Washington, D.C. — A coalition of nine attorneys general led by Massachusetts Attorney General Maura Healey filed comments yesterday in response to the Federal Energy Regulatory Commission’s (FERC) 2021 Notice of Inquiry, which requested information on how the Commission should revise its policy for certifying new natural gas pipeline projects.
The AGs advised FERC to craft a policy that examines the cumulative and social impacts of a project’s greenhouse gas emissions, and that does so in the context of “policies and programs that promote or mandate” the transition away from gas, including state and federal reduction targets. The coalition also called for the policy to address environmental and racial justice by considering how new projects will harm environmental justice communities, and urged the Commission to “uphold [its] commitment to protect . . . landowners from injustice and irreparable harm related to the exercise of eminent domain.”
“FERC is taking meaningful steps to truly consider the public interest in its evaluation of new natural gas pipeline projects,” said Jessica Bell, Deputy Director of the State Energy & Environmental Impact Center. “Effects on environmental justice communities, increases in greenhouse gas emissions, and a critical evaluation of the need for new infrastructure must be front and center in FERC’s analysis of any new pipeline. It’s time to develop a policy that accommodates, rather than antagonizes, state clean energy and emissions reduction goals.”
“Our most vulnerable communities have been overburdened with environmental injustices for far too long and must be protected from the harms of new pipeline projects,” AG Healey said. “We are calling on FERC to further address the impacts of natural gas pipelines on our climate goals and put the needs of our environmental justice communities first in the process.”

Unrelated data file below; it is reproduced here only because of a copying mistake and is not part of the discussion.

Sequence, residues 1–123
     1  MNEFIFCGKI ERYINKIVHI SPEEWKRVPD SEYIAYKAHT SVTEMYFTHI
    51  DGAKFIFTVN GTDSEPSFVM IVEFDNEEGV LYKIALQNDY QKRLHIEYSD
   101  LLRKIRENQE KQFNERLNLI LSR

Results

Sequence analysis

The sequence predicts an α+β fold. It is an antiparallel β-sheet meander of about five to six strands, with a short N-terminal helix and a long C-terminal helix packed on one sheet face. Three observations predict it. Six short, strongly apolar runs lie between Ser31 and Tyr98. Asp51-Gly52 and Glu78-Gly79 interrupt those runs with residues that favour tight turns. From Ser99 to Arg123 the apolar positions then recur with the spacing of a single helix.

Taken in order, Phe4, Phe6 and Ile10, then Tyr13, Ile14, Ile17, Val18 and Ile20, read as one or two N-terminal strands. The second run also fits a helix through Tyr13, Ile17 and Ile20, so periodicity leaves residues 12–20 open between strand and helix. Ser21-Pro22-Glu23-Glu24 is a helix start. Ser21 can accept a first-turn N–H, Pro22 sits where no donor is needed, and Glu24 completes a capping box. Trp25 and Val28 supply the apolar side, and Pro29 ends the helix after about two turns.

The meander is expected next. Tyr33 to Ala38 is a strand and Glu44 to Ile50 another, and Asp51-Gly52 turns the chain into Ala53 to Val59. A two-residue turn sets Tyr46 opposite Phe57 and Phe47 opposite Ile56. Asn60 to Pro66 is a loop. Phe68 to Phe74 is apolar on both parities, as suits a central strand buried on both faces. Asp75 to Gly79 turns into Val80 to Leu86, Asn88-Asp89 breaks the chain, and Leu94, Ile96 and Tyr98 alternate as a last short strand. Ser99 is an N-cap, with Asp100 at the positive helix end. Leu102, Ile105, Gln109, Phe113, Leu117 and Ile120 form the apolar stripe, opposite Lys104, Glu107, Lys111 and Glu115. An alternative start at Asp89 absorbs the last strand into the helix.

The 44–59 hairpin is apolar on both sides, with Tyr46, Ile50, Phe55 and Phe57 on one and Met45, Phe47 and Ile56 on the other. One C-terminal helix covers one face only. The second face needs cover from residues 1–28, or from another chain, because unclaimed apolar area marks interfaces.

The attorneys general of Connecticut, Maryland, Minnesota, New Jersey, New York, Oregon, Rhode Island, and Washington, D.C. joined AG Healey in filing yesterday’s comments.
Nevada Attorney General Aaron Ford also submitted comments, stating that FERC should do a more thorough evaluation of the need for a project, and also noting that end uses for gas will evolve as states work to meet greenhouse gas emission reduction targets.
Background — In 2017, to adapt to changes in the industry since the 1999 release of FERC’s Natural Gas Policy Statement, FERC announced a reassessment of its certification process for new gas pipeline projects. In April 2018, FERC released a Notice of Inquiry (NOI) seeking public comment on how to determine whether new pipeline projects should qualify for a certificate of public convenience and necessity under the Natural Gas Act. Massachusetts Attorney General Healey led a coalition of seven attorneys general in filing comments on the 2018 NOI; the attorney general of New York also filed comments in the proceeding. In February 2021, FERC issued another NOI, seeking supplemental comments and adding environmental justice considerations to its inquiry. On April 26, 2021, a coalition of attorneys general from 22 states filed comments in opposition to using the social cost of carbon in certificate evaluations. All comments in this proceeding are available in Docket No. PL18-1 in FERC’s eLibrary.
About the State Energy & Environmental Impact Center:
The State Energy & Environmental Impact Center at NYU School of Law is a nonpartisan academic center at NYU School of Law. The Center is dedicated to working towards a healthy and safe environment, guided by inclusive and equitable principles. The Center studies and supports the work of state attorneys general (AGs) in defending, enforcing, and promoting strong laws and policies in the areas of climate, environmental justice, environmental protection, and clean energy.